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7 Key Signs of Alcohol Overdose

By  Neha Kashyap
Anyone can overdose on alcohol. Knowing the signs can help save a life.

An alcohol overdose can impact anyone drinking heavily at one time, regardless of their history with alcohol. During an alcohol overdose basic bodily functions like breathing and heart rate begin to slow down, putting the drinker at risk for permanent brain damage or death, according to the National Institutes for Health (NIH).

If you consume alcohol or are around others who drink, it’s important to know the key signs of overdose and what to do when an overdose occurs.

Alcohol Overdose Symptoms

Symptoms of alcohol toxicity and overdose include:

  1. slurred speech
  2. confusion
  3. vomiting
  4. irregular breathing
  5. lower body temperature
  6. being unresponsive
  7. seizures

    Slurred speech and confusion after drinking might seem amusing, however, these can be signs that a person is experiencing alcohol poisoning. If drinking continues, the chances of overdosing could increase.

    “In general, early warning signs of alcohol toxicity consist of confusion, slurred speech, poor coordination and pale skin,” Patrick Gallus, D.O., Founder and Chief Medical Officer of Gallus Medical Detox Center in Scottsdale, Arizona, tells WebMD Connect to Care. “This can quickly develop into more concerning signs to include irregular breathing, hypothermia, unresponsiveness and coma.”

    Alcohol overdoses are more likely to happen to binge drinkers. Binge drinking is defined as four drinks in two hours for a woman and five drinks in two hours for men. It's important to note that inexperienced drinkers, like teens and young people, are more likely to binge drink, according to the NIH.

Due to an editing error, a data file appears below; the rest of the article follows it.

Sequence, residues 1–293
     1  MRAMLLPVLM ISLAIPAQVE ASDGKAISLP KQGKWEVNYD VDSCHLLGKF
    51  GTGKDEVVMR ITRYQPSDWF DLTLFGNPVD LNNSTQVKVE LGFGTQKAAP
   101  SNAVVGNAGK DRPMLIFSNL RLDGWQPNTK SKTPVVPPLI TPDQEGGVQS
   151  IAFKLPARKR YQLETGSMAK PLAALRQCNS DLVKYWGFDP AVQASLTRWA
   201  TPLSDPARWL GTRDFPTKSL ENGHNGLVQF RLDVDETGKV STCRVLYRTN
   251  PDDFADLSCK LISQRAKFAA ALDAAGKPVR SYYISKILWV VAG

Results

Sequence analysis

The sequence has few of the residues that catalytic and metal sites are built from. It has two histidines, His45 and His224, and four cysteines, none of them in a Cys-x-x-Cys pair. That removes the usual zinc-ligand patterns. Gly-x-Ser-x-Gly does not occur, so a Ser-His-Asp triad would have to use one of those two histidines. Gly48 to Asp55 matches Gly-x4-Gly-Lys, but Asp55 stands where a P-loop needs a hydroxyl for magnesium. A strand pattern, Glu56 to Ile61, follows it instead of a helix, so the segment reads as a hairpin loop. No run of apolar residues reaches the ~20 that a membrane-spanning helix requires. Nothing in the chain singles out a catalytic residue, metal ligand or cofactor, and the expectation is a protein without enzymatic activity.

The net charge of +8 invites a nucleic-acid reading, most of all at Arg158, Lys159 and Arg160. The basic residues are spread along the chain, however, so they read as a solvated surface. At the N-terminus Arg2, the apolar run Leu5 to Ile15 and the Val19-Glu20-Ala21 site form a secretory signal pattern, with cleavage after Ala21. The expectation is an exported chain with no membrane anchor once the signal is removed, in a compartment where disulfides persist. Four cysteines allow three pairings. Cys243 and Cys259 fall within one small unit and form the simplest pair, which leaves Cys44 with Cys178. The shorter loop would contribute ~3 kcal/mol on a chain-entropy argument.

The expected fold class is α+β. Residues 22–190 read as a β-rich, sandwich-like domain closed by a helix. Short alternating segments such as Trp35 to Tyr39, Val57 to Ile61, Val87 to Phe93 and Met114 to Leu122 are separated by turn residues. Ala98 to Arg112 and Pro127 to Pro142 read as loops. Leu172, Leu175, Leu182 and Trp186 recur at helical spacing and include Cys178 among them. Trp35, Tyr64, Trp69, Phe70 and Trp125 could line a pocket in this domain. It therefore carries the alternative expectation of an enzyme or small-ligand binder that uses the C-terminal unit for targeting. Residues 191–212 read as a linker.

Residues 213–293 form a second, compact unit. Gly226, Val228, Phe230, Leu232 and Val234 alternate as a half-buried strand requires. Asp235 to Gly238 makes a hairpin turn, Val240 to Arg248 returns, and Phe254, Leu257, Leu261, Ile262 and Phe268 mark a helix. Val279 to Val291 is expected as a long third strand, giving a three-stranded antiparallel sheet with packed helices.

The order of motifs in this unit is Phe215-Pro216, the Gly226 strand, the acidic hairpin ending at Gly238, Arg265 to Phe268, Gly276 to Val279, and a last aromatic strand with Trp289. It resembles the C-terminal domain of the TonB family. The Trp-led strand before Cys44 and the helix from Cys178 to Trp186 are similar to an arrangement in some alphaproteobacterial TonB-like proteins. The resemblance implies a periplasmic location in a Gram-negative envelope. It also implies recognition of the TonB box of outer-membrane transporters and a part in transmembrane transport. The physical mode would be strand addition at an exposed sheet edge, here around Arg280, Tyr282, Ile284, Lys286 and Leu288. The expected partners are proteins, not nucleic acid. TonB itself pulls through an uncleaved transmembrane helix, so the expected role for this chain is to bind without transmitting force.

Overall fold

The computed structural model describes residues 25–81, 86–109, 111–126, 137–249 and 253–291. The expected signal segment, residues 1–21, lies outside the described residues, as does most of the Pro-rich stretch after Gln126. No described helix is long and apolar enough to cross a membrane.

“Most alcohol poisoning take place during binge drinking episodes by typically inexperienced drinkers,” Dr. Gallus says.

    Getting Help

    If you notice someone is stumbling or confused while drinking, it’s best to watch over them while keeping them away from alcohol. “The first thing to do is to make sure no further alcohol is consumed. The person should never be left alone,” Dr. Gallus says.

    The person should also be kept away from hazards like cars, bicycles, bodies of water and machinery. It’s also important to watch their breathing and to make sure they don’t lie down. “Protect their airway at all costs either by having them sit up, or if unable to do so by laying them on their side to protect them from aspiration,” Dr. Gallus says.

    Home remedies like coffee or cold showers do not work when a person is already exhibiting signs of alcohol poisoning, according to University of Virginia Health. It’s also dangerous to assume the person can sleep it off, as blood alcohol levels continue rising during sleep. Also, sleeping increases the chance of choking on vomit.

    “Even seasoned emergency medicine physicians can find this clinical situation challenging,” Dr. Gallus says. “Call early before the person becomes unconscious, because it may already be a life-threatening situation at this point.”

    It’s best to stay with the person and keep them sitting up until help arrives. By heeding the signs and calling for help as soon as possible, you could be saving a life.